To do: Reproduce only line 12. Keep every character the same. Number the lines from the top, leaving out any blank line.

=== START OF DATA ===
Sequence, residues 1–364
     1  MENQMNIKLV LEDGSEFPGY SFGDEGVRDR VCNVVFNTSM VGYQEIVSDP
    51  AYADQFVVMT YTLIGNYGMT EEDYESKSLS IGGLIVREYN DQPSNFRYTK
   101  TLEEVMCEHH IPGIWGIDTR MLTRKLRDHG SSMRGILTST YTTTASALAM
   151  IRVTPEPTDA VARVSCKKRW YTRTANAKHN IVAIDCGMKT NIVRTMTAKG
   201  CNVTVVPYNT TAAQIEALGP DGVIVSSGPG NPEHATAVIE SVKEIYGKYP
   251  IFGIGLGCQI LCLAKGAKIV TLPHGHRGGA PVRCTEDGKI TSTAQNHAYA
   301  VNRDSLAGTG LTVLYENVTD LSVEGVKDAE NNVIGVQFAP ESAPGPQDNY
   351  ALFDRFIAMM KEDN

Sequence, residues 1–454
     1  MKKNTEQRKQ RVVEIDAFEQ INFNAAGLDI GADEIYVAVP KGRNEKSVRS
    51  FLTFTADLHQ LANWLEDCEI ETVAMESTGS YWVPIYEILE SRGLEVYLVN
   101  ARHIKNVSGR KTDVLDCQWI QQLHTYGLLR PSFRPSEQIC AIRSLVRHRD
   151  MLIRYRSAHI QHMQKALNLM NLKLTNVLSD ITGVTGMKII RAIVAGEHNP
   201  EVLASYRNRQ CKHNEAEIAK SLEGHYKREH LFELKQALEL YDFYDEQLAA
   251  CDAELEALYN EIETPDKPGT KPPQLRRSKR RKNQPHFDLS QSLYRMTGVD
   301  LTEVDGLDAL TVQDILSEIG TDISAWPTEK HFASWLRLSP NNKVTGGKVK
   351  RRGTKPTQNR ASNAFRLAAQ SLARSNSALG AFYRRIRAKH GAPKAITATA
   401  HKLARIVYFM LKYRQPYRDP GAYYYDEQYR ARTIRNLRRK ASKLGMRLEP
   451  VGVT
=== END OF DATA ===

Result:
    51  FLTFTADLHQ LANWLEDCEI ETVAMESTGS YWVPIYEILE SRGLEVYLVN